Iran's latest power struggles: Anti-government protests rock oil-rich province
Amid growing civil discontent, some Iranian MPs have labelled the demonstrations a "national threat" and called for the resignation of figures including the country's energy minister.
In a statement posted on his official Twitter page on Monday acknowledging ongoing protests, Iranian Supreme Leader Ayatollah Ali Khamanei called on the Rouhani government to address the ongoing problem.
Twitter is officially blocked to internet users in Iran, though many use VPNs and proxies to get around the de-facto ban, and many leading government figures maintain a presence on the micro-blogging site.
"Current issues in Khuzestan are heartrending for any human being; outages of power, water and communications services in the cold weather is very difficult for the people; officials are responsible to take measures to address these problems," read the statement.
In demonstrations in Ahvaz over the past week demonstrators have chanted slogans including "Death to tyranny", "We, the people of Ahwaz, won't accept oppression", "Shame on the State Security Force" and "Clean air is our right, Ahwaz is our city" and also called for the resignation of the province's governor.
Electricity cuts in the province are said to have been caused by the drying up of Khuzestan's wetlands, leading to dust storms that have affected outdated water and power infrastructures.
Around 35 percent of Iran's water and electricity is provided by the Khuzestan province, which also contains numerous oil and gas factories.
Despite being resource-rich, poverty levels in Khuzestan are among the country's highest.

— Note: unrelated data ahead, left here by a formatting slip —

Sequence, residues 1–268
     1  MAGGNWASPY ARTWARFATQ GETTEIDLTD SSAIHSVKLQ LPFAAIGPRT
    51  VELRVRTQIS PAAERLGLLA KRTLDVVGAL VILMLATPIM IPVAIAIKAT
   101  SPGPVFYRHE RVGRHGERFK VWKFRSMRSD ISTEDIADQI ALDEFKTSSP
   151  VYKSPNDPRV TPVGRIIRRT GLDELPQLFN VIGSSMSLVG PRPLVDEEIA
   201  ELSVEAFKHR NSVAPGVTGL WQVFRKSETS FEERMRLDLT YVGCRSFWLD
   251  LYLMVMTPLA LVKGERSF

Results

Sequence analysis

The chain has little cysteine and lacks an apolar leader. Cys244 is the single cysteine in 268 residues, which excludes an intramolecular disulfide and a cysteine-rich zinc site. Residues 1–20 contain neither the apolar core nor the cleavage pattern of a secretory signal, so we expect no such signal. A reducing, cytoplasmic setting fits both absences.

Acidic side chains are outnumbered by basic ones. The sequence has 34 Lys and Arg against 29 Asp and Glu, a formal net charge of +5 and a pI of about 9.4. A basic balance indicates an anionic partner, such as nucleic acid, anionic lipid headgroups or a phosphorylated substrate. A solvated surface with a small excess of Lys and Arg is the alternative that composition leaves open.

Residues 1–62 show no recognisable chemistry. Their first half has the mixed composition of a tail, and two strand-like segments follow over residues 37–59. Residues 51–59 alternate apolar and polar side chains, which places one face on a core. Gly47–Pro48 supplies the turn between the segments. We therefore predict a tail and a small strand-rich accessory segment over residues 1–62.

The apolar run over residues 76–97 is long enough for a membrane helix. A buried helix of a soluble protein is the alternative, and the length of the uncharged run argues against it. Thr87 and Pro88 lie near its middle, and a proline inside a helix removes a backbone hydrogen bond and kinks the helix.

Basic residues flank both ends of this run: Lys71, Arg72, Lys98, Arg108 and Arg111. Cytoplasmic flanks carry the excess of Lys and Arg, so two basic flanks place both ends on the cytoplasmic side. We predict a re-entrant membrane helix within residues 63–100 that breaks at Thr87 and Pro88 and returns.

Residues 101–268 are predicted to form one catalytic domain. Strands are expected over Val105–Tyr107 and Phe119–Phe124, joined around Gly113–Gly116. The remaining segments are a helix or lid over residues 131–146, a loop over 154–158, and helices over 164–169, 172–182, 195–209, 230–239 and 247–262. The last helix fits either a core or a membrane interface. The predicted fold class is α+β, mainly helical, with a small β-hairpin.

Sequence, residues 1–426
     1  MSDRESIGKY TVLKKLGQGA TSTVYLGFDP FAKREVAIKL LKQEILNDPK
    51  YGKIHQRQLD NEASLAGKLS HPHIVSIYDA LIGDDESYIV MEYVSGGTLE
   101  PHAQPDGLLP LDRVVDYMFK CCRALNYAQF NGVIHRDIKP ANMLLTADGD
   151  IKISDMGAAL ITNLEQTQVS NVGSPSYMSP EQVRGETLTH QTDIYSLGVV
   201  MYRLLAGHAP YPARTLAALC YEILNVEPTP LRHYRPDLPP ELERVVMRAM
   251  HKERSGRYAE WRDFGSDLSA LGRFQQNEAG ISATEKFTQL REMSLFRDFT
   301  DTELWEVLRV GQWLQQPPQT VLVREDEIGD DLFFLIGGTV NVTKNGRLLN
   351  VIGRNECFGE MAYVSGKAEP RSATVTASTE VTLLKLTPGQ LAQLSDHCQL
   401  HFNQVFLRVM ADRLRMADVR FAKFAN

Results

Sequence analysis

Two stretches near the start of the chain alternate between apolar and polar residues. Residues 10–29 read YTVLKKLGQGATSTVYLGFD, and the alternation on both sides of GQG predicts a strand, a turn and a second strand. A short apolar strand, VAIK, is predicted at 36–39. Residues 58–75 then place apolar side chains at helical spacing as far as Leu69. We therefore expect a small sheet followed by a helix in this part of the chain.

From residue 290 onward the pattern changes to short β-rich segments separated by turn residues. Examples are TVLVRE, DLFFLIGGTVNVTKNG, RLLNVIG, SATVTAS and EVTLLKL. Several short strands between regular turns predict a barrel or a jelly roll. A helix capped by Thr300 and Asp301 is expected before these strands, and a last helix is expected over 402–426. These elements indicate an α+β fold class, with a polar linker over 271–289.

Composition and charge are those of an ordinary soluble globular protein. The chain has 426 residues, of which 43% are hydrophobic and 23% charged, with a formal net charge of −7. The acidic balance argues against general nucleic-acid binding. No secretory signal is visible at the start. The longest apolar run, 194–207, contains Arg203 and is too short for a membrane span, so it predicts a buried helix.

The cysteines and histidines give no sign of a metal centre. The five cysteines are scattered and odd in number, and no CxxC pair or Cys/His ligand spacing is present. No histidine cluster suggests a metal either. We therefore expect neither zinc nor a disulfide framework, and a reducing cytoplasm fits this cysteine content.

Residents of the province - which borders Iraq and the Gulf coast and is rich in oil and gas - many of whom are ethnically Arab in origin, have long complained of political and cultural repression and of being ostracised by the Iranian state.
Abbas Papizadeh, an MP from the city of Dezful, told local media that the problems in Khuzestan had reached a peak, but had been lurking under the surface for years, with thousands in the region affected by skin and breathing problems caused by air pollution.
"The Khuzestan province for years has been struggling with the issue of particulates, but this issue now is becoming a national threat," said Papizadeh.
According to the World Health Organisation, Ahvaz, Khuzestan's provincial capital, is among the world's most polluted cities.
Statistics from Iran's Health Ministry state that more than 80,000 people die in Iran each year as a result of environmental pollution.
The Iranian government is hopeful that the lifting of economic sanctions - following a landmark nuclear deal between Iran, the US and five other states - will lead to foreign investment in Khuzestan, enabling the much-needed rehabilitation and updating of refineries and power stations.
Large-scale protests in opposition to the Shah in the area contributed to growing civil unrest in Iran in the late 1970s paving the way for the 1979 Iranian revolution.
The National Council of Resistance of Iran - a coalition of Iranian opposition groups in exile lead by the Mojahedin-e Khalq, an armed group banned in Iran which advocates the violent overthrow of Tehran's rulers - has claimed that the Iranian government has dispatched anti-riot police from neighbouring Fars Province to Ahvaz in order to contain the protests.
Local police forces in the city, according to this opposition group, have also declared all demonstrations illegal with authorities said to have attempted to slow state-supplied internet connections to prevent the upload of videos recorded at demonstrations.